“What’s the point of having a book club if you don’t get to eat brownies and drink wine?”Jami Attenberg
I started making these brownies years ago. It’s from the Bakers Unsweetened Chocolate package. They are easy to throw together and I always have these ingredients on hand. I get request for this recipe often which must mean they are tasty. I reduce the sugar to about 1 3/4 cup sugar and they are just as yummy. I dedicate this recipe to all my book group women with whom I have had the pleasure of eating many brownies and drinking many glasses of wine.
- 1 pkg. (4 oz.) BAKER’S Unsweetened Chocolate
- 3/4 cup butter or margarine
- 2 cups sugar
- 3 eggs
- 1 tsp. vanilla
- 1 cup flour
- 1 cup coarsely chopped Pecans optional
- Heat oven to 350°F.
- Grease or spray pan with cooking oil and flour 13×9-inch pan
- Microwave chocolate and butter in large microwaveable bowl on HIGH 2 min. or until butter is melted. Stir until chocolate is completely melted. OR melt chocolate and butter over a double boiler until both are completely melted. Stir in sugar. Blend in eggs and vanilla. Add flour and nuts; mix well. Pour into prepared pan..
- Bake 30 to 35 min. or until toothpick inserted in center comes out with fudgy crumbs. (Do not overbake.) Cool completely.
Be happy in the moment, that’s enough. Each moment is all we need, not more.Mother Teresa
Bee with Allium, Carolina Spicebush, Ninebark, and a little froggy friend
Something I’ve noticed in my early days of blogging, I am looking deeper into my garden than ever before. Of course, I’ve always spent a lot of time in the garden, especially around this time of the year, but looking for pictures to take and ideas to write about has increased my level of awareness drastically. As if I’m seeing the world through a different lens, this is a welcome surprise for someone with years of gardening experience. I find myself paying more attention not only to all my plants and their particular cycles, but also to pollinators in a way that is new and exciting to me.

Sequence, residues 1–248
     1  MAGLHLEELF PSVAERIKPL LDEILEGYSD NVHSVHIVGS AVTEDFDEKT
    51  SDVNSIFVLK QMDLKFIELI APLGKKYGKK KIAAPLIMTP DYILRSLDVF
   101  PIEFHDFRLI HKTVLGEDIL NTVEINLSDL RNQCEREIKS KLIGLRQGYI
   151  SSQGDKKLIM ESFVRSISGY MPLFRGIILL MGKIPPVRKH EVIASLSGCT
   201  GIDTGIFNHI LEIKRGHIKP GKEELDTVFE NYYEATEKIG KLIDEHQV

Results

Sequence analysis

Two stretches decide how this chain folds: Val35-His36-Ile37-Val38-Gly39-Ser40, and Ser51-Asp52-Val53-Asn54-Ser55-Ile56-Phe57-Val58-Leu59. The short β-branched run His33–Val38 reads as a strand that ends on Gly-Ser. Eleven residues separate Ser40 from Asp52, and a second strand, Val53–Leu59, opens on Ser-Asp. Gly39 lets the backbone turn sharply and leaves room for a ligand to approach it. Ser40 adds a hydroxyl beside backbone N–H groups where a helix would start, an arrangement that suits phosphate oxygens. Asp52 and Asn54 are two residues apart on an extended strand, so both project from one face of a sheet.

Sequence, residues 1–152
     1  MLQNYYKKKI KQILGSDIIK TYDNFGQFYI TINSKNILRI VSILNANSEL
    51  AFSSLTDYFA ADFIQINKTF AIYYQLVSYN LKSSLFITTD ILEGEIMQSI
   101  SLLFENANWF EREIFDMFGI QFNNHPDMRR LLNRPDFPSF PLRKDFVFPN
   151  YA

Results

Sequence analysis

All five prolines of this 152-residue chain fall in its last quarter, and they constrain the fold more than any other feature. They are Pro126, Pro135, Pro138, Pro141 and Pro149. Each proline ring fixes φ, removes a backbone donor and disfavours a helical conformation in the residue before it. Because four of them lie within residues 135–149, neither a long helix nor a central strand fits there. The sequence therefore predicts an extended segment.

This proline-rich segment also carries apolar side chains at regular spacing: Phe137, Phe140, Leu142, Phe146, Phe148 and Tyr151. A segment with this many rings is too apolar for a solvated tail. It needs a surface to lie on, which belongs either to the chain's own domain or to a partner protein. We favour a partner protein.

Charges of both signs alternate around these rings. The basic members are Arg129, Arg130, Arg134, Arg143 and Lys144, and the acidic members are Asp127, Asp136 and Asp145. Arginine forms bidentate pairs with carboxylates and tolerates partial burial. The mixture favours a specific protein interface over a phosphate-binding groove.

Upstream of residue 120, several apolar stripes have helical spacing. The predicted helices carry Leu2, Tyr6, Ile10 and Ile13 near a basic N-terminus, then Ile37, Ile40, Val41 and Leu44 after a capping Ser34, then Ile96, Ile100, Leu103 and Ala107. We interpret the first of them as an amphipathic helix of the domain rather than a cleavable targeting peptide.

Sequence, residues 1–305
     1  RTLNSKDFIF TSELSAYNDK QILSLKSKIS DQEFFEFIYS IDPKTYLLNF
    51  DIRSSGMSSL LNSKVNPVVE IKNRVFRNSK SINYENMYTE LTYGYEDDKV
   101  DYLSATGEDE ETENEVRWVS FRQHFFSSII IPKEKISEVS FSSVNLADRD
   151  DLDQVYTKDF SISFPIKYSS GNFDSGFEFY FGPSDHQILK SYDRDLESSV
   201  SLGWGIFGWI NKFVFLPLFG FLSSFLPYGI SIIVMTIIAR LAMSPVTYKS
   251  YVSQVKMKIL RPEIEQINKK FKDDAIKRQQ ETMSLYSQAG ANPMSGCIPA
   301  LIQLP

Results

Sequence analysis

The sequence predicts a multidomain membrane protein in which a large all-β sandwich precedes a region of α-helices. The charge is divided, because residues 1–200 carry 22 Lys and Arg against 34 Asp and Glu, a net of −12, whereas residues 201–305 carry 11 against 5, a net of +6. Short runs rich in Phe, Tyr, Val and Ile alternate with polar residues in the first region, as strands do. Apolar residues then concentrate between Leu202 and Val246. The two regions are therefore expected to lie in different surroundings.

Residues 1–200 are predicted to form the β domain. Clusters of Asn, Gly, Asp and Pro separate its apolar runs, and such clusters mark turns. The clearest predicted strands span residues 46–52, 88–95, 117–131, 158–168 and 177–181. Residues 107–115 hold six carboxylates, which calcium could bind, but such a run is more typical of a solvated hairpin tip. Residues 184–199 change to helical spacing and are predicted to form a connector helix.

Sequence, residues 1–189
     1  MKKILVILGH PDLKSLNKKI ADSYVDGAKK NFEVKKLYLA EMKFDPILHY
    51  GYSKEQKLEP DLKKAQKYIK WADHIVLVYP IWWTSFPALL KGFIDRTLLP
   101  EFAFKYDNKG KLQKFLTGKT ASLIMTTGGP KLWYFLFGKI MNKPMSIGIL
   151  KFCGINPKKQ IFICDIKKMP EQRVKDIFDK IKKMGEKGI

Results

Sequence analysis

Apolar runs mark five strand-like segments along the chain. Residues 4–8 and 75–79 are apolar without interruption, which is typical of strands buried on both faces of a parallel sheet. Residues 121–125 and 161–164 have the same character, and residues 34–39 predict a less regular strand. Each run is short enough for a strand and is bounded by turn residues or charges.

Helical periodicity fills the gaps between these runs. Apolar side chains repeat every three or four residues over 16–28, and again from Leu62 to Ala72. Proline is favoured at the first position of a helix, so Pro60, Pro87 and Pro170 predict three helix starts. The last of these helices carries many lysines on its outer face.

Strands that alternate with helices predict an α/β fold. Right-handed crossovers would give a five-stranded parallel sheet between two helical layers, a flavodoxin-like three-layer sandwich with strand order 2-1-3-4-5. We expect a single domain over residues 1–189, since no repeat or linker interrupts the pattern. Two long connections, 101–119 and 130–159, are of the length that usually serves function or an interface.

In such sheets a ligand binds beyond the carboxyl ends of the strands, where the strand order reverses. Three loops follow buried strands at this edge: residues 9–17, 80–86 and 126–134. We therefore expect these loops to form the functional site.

Blue star with Rhododendron , bee with Bachelors Buttons and Blueberries and Chokeberry
Now I’m more observant of all helpful insects in my garden not just the butterflies that are always so delightful to watch. As I gain more appreciation of all pollinators and their vital role I’m investigating how I can do more to help them flourish. By planting native plants in my garden I am providing corridors between wild lands and urban areas for insects to thrive . This year has seen a huge uptick in the number of pollinators already present in my garden. Every time I go outside, I encounter dozens of bees. Watching the bumblebees maneuver their fat little bodies through the air to pollinate my blueberries, native honeysuckle, blue star, wild geraniums, columbine, false indigo, chokeberry and all my other early bloomers is a treat. Seeing their little pollen baskets filled with pollen is quite incredible. What an exuberance these creatures have for hard work. I have observed that most pollinators seem to gravitate towards the native plants, preferring them over the non-natives. It will be interesting to see if this trend continues throughout the growing season.